Mary Oliver first argues that the district court erroneously instructed the jury that she bore the burden of proving that she was not a "responsible person" who "willfully failed" to comply with section 6672. She contends that the government bore the burden of proving on its counterclaim that she is liable under section 6672 for the unpaid balance of the assessment. The district court gave the following jury instructions regarding the burden of proof: "The plaintiffs in this civil action have the burden of proof. That means that each plaintiff has to produce evidence which, considered in the light of all facts, leads you to believe that what each plaintiff claims is more likely true than not true." Trial Proceedings at 449 (Aug. 31, 1988), Oliver v. United States, No. C84-1177M (W.D.Wash.) [hereinafter Trial Proceedings]. Mary Oliver objected to this jury instruction.
In an action to collect tax, the government bears the initial burden of proof. United States v. Stonehill, 702 F.2d 1288, 1293 (9th Cir.1983), cert. denied, 465 U.S. 1079, 104 S.Ct. 1440, 79 L.Ed.2d 761 (1984). The government, however, may satisfy this initial burden by introducing into evidence its assessment of taxes due. Id. Normally, introduction of the assessment establishes a prima facie case. Id.
After the government satisfies its initial burden by introducing the assessment under section 6672, the taxpayer then has the burden of proof with respect to both his own claim and the government's counterclaim. See, e.g., Ruth v. United States, 823 F.2d 1091, 1093 (7th Cir.1987) ("once the government presents an assessment of liability, the taxpayer bears the burdens of production and persuasion"); United States v. Molitor, 337 F.2d 917, 922 (9th Cir.1964) ("if [the taxpayer] had adduced no evidence contesting the prima facie proof arising from the assessment," the government would have been entitled to judgment for the assessed amount); see also United States v. Rindskopf, 105 U.S. 418, 422, 26 L.Ed. 1131 (1882) (assessment is prima facie evidence of amount due but may be contested). Here, the government satisfied its initial burden by introducing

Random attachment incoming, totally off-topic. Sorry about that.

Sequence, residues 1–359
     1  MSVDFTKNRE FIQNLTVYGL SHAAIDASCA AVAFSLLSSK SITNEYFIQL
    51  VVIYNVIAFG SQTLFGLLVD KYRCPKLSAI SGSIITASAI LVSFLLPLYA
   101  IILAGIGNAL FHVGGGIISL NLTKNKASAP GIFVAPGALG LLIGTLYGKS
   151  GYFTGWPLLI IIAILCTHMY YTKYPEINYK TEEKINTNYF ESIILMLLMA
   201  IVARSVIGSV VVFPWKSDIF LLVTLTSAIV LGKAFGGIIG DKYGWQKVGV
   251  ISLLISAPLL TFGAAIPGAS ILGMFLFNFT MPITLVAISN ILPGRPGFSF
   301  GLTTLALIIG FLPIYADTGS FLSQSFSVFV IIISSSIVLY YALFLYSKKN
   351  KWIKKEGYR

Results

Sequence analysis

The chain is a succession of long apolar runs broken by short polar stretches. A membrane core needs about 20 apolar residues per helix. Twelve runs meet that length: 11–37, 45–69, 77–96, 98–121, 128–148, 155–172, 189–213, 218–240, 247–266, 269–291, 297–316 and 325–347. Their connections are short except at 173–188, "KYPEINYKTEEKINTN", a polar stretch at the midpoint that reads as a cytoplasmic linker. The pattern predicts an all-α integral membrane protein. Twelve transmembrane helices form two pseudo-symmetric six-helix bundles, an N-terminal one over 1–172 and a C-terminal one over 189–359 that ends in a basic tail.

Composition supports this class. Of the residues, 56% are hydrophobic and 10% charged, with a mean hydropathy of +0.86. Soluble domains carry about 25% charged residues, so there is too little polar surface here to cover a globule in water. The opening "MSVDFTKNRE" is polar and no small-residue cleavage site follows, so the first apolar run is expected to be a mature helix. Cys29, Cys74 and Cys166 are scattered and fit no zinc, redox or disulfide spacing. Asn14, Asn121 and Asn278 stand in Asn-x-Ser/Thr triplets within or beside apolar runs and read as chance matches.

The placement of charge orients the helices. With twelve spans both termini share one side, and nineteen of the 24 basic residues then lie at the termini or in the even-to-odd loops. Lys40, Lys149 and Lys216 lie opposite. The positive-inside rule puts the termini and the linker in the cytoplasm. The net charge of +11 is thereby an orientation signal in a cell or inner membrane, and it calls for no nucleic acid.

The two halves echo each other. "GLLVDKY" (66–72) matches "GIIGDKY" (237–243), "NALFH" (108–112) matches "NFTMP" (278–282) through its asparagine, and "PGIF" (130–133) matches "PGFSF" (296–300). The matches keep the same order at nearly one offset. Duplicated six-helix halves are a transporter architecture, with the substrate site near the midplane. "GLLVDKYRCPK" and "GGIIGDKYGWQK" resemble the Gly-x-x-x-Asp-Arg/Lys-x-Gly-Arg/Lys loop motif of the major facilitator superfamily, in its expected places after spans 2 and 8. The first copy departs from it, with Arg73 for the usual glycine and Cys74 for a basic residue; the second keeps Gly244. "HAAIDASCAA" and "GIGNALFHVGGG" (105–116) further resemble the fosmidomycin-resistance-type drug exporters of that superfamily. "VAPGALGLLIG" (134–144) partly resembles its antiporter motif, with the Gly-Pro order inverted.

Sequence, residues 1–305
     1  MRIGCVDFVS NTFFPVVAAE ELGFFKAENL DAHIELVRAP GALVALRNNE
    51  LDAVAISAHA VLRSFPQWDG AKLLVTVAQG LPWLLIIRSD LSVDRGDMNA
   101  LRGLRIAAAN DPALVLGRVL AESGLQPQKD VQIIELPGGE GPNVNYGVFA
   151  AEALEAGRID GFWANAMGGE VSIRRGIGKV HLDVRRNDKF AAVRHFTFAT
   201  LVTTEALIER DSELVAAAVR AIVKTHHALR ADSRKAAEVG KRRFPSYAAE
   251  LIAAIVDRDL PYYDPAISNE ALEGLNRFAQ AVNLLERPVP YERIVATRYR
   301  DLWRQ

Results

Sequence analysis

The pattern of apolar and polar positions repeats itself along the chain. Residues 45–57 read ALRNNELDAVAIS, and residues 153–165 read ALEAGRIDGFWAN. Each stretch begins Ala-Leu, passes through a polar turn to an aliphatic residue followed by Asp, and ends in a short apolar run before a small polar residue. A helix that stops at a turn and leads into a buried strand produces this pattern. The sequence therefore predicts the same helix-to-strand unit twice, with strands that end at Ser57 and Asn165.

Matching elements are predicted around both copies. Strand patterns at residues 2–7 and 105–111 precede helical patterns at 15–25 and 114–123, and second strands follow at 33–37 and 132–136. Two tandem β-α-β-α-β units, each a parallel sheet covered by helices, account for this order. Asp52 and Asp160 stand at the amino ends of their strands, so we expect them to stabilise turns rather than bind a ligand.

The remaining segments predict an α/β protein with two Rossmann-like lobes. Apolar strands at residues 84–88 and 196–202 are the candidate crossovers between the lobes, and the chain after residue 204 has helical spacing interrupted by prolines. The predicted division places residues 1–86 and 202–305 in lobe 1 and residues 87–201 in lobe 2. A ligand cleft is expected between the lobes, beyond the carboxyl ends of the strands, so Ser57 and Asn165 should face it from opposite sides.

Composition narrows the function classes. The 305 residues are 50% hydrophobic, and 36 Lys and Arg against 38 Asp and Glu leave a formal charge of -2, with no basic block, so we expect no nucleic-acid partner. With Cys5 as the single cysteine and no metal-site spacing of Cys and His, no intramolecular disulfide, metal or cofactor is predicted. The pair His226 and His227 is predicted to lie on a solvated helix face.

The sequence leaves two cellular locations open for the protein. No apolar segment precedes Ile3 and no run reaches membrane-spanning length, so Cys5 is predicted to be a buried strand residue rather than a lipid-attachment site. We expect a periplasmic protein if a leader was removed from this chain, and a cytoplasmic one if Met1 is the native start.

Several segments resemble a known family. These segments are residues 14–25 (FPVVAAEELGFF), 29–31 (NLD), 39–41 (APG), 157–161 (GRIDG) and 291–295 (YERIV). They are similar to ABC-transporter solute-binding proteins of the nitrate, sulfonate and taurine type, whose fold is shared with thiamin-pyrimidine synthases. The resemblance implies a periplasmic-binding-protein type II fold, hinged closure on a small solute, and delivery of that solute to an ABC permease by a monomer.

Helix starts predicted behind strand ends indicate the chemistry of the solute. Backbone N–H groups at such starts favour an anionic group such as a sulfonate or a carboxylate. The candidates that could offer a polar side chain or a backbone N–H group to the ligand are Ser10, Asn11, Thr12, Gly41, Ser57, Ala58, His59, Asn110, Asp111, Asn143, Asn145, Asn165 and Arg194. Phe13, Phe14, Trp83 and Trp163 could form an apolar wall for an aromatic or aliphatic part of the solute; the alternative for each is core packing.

The district court's instruction on the burden of proof failed to explain that the government has the initial burden of proof on its counterclaim. "`[W]hen an appellate court ponders the probable effect of an error on a civil trial, it need only find that the jury's verdict is more probably than not untainted by the error.'" Lucero v. Stewart, 892 F.2d 52, 55 (9th Cir.1989) (quoting Haddad v. Lockheed Cal. Corp., 720 F.2d 1454, 1459 (9th Cir.1983)); see also Frank Briscoe Co., Inc. v. Clark County, 857 F.2d 606, 612 (9th Cir.1988) ("erroneous instructions `need only be more probably than not harmless'") (quoting Coursen, 764 F.2d at 1337), cert. denied, 490 U.S. 1048, 109 S.Ct. 1957, 104 L.Ed.2d 426 (1989). Because the government clearly satisfied its initial burden by introducing the assessment, the district court's failure to inform the jury of that burden could not have tainted the verdict. Cf. Criswell v. Western Airlines, Inc., 709 F.2d 544, 554-56 (9th Cir.1983) (burden of proof instruction erroneous but harmless where no prejudice appeared from jury's possible interpretations of instruction), aff'd, 472 U.S. 400, 105 S.Ct. 2743, 86 L.Ed.2d 321 (1985).